History

12
Mar

2010

Medellin/Caracas, Part 2

Last week I travelled to Medellin, Colombia and Caracas, Venezuela to tour five of the most important CPT systems in the world. This is Part 2 where I describe the turn-around cable transit caused in the impoverished and dangerous Medellin barrio of Santo Domingo. Image by Steven Dale

THE RETURN OF SANTO DOMINGO

A street merchant in Santo Domingo. Image by Steven Dale

Santo Domingo is an isolated barrio in the Colombian city of Medellin. Today it is a place of peace, calm and social progress. Twenty years ago, it was a type of living hell that the developed world can only imagine.

Crime was rampant, poverty high. Homes and businesses along Andalucia Street, the barrio’s main thoroughfare sat vacant. Landlords tried in vain to entice tenants with promises of zero rent, just so long as they paid the taxes and maintenance. They had few takers.

Few in the barrio had private transportation and the only form of public transit were the private bus cartels that infrequently plied the routes. A resident of Santo Domingo could expect to spend 2 – 2 1/2 hours commuting to work in the core each way.

Pablo Escobar, the most violent and successful drug lord the world’s ever seen, would’ve drawn many of his “troops” from this area. Protection money was a constant reality for area merchants and contractors were under the thumb of organized crime. In the ten years after Escobar’s death in 1993, things barely improved. Power abhors a vacuum, after all, and the resulting turf war between gangs trying to establish themselves as the new Escobar only made things worse. Residents wouldn’t leave their homes after dark as the threat of incident wasn’t just possible, it was likely.

Image by Steven Dale.

Police, even, wouldn’t dare to enter Santo Domingo.

Then something curious happened . . .

In the early 2000’s, Metro Medellin (the city’s transit authority) began talking about connecting Santo Domingo to the Metro system via gondola. The idea was laughed off as nothing more than a pipe dream.

Area residents had heard the promises before. Politicians would make their promises to grab the most number of votes and then forget the promises they’d originally made.

Those in government just thought the idea of a ski lift as transit was absurd.

Nevertheless, after four years of community development around the idea (and one potential supplier dropping out due to security concerns), the Colombian and Medellin governments ponied up USD$26 million (a huge sum for those governments) and allowed Metro Medellin to build the world’s first Metrocable.

To say the least, the results were surprising.

Even before the system opened, systemic change was witnessed. Contractors who had grown accustomed to their building supplies being stolen at night experienced no such thing. When such an incident did happen, the locals were more than happy to rat out the perpetrators. For once in their lives, the residents of Santo Domingo saw their government doing something for them rather than to them and Santo Domingo wanted to return the favour.

Within two years, the Metrocable opened and would herald a new era for the residents of Santo Domingo and Medellin in general.

Today, Santo Domingo is a place of relative peace. Andalucia Street is flooded with children, retirees, street merchants and commerce. The Metrocable did what no military, police force or politician could do; it brought the community back to life.

A young couple descends a terraced hill of stairs in Santo Domingo. Image by Steven Dale.

Santo Domingo from above. Image by Steven Dale.

Santo Domingo from below. Image by Steven Dale.

Image by Steven Dale.

A Bancovia branch, 1 of 3 new banks that have opened in Santo Domingo since the Metrocable opened. Image by Steven Dale.

The Metrocable reduced traffic so much that city planners reclaimed 1 lane of traffic and turned it into a pedestrianized lane of traffic. Image by Steven Dale.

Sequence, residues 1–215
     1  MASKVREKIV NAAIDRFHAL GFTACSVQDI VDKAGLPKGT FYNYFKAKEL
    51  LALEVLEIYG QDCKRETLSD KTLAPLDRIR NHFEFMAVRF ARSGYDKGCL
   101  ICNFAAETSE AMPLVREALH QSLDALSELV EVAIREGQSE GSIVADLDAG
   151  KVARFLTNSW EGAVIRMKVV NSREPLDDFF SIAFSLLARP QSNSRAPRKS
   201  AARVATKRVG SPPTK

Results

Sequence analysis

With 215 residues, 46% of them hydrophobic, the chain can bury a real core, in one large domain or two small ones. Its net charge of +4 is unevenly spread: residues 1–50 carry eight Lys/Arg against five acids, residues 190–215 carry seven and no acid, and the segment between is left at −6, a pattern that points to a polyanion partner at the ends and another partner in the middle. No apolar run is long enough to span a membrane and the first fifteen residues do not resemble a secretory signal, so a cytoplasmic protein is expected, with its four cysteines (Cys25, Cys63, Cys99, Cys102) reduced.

Gondolas depart and approach the Acevedo Metro transfer station and the base of Andalucia Street. Image by Steven Dale.

Image by Steven Dale.

For security reasons, police and military are a common sight in the area. Image by Steven Dale.

Santo Domingo. Image by Steven Dale.

Return to Part 1.

Move on to Part 3.



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15
Feb

2010

History and Future

For most of the 20th century, the cable industry had been a hodge-podge of European, Japanese and American companies each jockeying for their piece of the blossoming ski industry. Some companies specialized in manufacturing, others in operations and maintenance. Privately owned and maintained systems were common. There were dozens of players but few titans.

Like the American cable car industry of the 19th century, barriers to entry were low. There was nothing proprietary about the technology and all the components could, quite literally, be bought off the shelf. As the ski industry boomed, the cable industry attracted all sorts of fly-by-nighters and charlatans. Companies came and went and experienced companies found themselves fighting off insurgents with dubious safety records who exploited the lack of regulation within the industry.

Competition was brutal and innovation scarce.

Look back over cable’s 20th century history and you find something uniquely curious: New technology and innovation is almost entirely absent. A single game-changing innovation hadn’t been developed since the detachable grip in 1872. Imagine the computer, car or airline industry essentially not introducing a major new model or innovation for 125 years and you begin to understand how bizarre this actually was.

The ski industry was booming, yes, but it was a small industry with a razor thin target market. First you needed a mountain. Then you needed a population who knew how to ski. But you also needed a population that was wealthy enough to afford such an expensive sport and had the time to partake in the pleasure. The ski industry was (and still is) a pretty small pie to carve up amongst dozens of lift suppliers. What little profits the cable industry made were plowed back into getting more business. Research and development wasn’t the priority; survival was.

This all changed in the last quarter of the 20th century.

A flurry of mergers and acquisitions saw two major competitors emerge: The French-Italian consortium of Leitner-Poma and the Austrian-Swiss partnership, Doppelmayr-Garaventa. Today, these two companies control roughly 95% of the entire cable transit business and this concentration has provided the economies of scale necessary to advance the technology.

The integration of computer-controlled Programmable Logic Circuits has made cable safer than ever before and tight regulation has weeded out most of the deadbeats. In the last ten years alone at least four major new technologies have been developed and older technologies are being stretched to new limits. Cable’s popping up in totally unexpected places and thriving. It’s rare that a year goes by without some new surprise. I’m constantly surprised.